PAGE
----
Part of me thinks that if I repurpose old calendars, maybe I should respect my art enough to put it in a frame. The more pragmatic part of me says part of the message is the medium, the thin metal strips stabilize it, and it’s ok. For awhile, I used thick tape on the back side to mount it, but that wasn’t nice in several ways, and now I use tacks, though that’s probably not respectful either.

I like having it on my sliding closet door. To me, it shows the already-but-not-yet that I live in. It promises a golden city coming down someday, but for now we can walk beside its river.

 

 

 

Surprised by Paradox: a Review

In Worldviews class, our teacher quoted Robert Capon’s lines: “Man cuts the wine of paradox with the water of consistency,” and deep inside me, the words rang clear and true.  My soul knew that categorical propositions don’t explain all of reality and the human experience, and contrasting wine and water seemed an eloquent metaphor.

I’ve written before about the paradox of being a Third Culture Kid. There are many more paradoxes I live with, such as

  • God’s sovereignty and man’s free will
  • a woman’s veil affirms beauty and highlights humility
  • writing is simultaneously blankety-blank hard and life-giving
  • the human body is both sacred and broken

Enter a beautiful, thoughtful new book: Surprised by Paradox by Jen Pollock Michel. I love that its title joins the lineup of  the other rich surprised books: Lewis’ Surprised by Joy and Wright’s Surprised by Hope. And I love, love the creativity in its cover design! If you could judge a book by its cover, this book would already be a winner. This is my copy as I read it, with a pen to make notes and a pansy on a stem for a book mark.

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Five years ago, I read Jen’s first book, Teach Us to Want, and found her words and way of thinking so compelling, honest, and practical, that I’ve been following her ever since. When I read that she was looking for volunteers to join the launch team for her Paradox book, I applied, and was delighted to be accepted.

I’ve spent much of my life looking for answers to questions, solutions to problems, explanations to mysteries. In the last few years, I’m finding that more than answers, I need Jesus. More than tidy formulas, I need the wind of the Holy Spirit blowing through me. Jen says paradox is the tension between certainty and mystery, and in that space, we meet God.

It’s true.

Since I tend to be all-or-nothing, either-or, the concept of paradox in my relationships, daily life, and my perception of God gives me a third way–an option that fits reality and frees me from needing to scrunch unwieldy, vast ideas into tidy, stackable boxes. And the current Postmodern air we breathe is kind to a book like this, when other eras might have labeled it as heresy. These days, most of us aren’t satisfied with Bible-thumping, simplistic explanations that don’t acknowledge the complexity of the issues, and we’re open to mystery, ambiguity, and paradox.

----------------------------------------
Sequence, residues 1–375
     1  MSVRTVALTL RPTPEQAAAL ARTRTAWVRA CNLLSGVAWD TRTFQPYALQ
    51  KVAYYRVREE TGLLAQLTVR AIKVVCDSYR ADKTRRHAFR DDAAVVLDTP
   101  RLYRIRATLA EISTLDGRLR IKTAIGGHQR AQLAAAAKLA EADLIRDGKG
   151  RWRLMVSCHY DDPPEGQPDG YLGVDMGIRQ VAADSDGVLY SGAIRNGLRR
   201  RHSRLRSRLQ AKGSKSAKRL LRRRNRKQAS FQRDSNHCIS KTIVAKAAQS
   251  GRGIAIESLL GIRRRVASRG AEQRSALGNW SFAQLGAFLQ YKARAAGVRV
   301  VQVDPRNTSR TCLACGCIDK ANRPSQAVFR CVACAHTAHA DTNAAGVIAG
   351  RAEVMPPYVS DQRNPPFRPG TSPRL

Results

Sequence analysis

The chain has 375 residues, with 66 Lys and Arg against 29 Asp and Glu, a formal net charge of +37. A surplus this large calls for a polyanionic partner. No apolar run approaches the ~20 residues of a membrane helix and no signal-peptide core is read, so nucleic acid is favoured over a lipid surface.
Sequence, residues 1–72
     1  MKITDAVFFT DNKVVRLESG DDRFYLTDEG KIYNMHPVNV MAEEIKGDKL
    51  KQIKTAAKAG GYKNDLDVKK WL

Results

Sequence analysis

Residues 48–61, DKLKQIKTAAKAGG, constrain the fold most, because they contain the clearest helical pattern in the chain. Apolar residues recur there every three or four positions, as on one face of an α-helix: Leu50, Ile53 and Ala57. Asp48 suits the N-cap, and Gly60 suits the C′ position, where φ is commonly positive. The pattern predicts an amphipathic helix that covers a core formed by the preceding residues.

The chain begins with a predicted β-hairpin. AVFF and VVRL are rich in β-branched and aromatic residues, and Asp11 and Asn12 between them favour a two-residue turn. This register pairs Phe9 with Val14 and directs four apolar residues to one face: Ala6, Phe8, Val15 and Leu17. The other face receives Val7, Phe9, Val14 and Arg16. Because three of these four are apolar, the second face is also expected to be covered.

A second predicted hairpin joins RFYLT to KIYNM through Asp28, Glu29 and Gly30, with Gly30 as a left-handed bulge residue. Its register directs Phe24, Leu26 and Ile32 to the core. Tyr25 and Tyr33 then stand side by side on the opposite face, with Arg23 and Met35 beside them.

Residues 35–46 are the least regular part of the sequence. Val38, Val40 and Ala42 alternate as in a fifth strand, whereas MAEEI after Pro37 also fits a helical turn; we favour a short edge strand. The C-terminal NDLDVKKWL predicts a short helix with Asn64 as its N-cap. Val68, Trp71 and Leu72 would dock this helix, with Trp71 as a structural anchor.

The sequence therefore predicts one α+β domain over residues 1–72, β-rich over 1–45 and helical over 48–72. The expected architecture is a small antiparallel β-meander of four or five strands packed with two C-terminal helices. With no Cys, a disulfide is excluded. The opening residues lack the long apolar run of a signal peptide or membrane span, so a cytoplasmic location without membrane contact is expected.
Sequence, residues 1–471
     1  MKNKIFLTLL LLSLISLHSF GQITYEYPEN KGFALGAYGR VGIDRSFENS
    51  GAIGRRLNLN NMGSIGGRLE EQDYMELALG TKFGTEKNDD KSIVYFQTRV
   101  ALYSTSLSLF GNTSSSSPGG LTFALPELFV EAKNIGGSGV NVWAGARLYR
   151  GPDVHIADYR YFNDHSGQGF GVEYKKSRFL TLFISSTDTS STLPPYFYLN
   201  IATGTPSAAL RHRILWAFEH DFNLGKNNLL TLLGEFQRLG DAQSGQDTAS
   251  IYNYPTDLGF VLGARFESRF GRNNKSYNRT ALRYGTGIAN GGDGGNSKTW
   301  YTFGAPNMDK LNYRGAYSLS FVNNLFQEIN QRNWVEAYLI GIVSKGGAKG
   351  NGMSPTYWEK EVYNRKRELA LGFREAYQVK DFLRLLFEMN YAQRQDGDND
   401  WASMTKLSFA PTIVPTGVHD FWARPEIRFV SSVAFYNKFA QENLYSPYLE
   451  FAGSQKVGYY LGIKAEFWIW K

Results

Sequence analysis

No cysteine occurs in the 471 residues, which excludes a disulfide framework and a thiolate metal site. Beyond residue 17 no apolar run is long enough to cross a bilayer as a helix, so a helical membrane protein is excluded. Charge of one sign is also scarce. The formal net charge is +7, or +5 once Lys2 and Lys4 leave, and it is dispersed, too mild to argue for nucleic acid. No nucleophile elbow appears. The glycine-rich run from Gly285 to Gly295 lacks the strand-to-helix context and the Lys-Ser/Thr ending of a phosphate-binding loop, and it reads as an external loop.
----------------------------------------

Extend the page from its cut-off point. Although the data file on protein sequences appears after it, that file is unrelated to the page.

But claiming paradox isn’t a cop-out. It’s not fixing an easy answer onto complex questions, and it doesn’t mean we can’t be sure of anything. In fact, paradox delights in certainty. Jen wrestles well intellectually and theologically, taking in the wisdom of orthodoxy and her current gritty  experiences, and inviting us to recognize the wonder and humility of holding opposing ideas in tension. Her footnotes reflect wide, respected, delicious resources. Jen’s theology is sound and conservative, not pop evangelical, which makes me feel that I can trust her. I even felt that in the sections about Grace and Kingdom, she sounds very Anabaptist.

 

We are not saved by effort, but neither are we saved from it.

We don’t vote the kingdom into office; we live its compelling hope every day.

A kingdom life is always a nonconforming life, and subversion is a form of witness.

The book covers four themes that reflect Jesus’ life:

  • incarnation: His birth
  • kingdom: His public ministry
  • grace: His crucifixion
  • lament: His resurrection and ascent

The section on lament spoke most deeply to me. It’s rare to hear such profound honesty and powerful invitation to weep over what God weeps.

Lament tells us there are complaints worth raising, and God’s suffering assures that someone hears.

From the epilogue:

Let us have certainty when it’s available; let us have humility when it’s not. Let’s remember that paradox, with its attendant wonder, is its own way into the meekness of wisdom James describes in his letter.

Mystery draws us to wonder, which is also to say the limits of our wits. But rather than our finitude bringing us to despair, paradox can cause us to praise.

In the month coming up to the book release date, Jen shared weekly video chats with the launch team. These were lovely points of connection with her as a person and with the content we were reading. But she really had my attention on launch day with these:

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This screen grab shows a pair-a-ducks a friend gave her, used to help TCK’s debrief their experience. The clean duck illustrates their yay feelings, and the bandaged, dirty duck illustrates the yuck feelings. Since I’m a TCK and a pushover for a good pun, this pair-a-ducks fit me perfectly.

We can hold both the yuck and the yay of our experiences, not discounting or denying one at the cost of the other. Embracing all the aspects of life and all the complicated realities of loving God and our neighbors makes us bigger and better people, with wide hearts that are more prepared to worship–which is the ultimate reason He created us for.